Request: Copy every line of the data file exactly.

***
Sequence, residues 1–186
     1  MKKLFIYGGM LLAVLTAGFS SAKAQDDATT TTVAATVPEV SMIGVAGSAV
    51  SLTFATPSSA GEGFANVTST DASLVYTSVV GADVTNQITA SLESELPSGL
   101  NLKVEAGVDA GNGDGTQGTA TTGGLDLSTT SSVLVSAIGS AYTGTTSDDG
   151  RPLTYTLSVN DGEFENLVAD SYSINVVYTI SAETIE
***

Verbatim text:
Sequence, residues 1–186
     1  MKKLFIYGGM LLAVLTAGFS SAKAQDDATT TTVAATVPEV SMIGVAGSAV
    51  SLTFATPSSA GEGFANVTST DASLVYTSVV GADVTNQITA SLESELPSGL
   101  NLKVEAGVDA GNGDGTQGTA TTGGLDLSTT SSVLVSAIGS AYTGTTSDDG
   151  RPLTYTLSVN DGEFENLVAD SYSINVVYTI SAETIE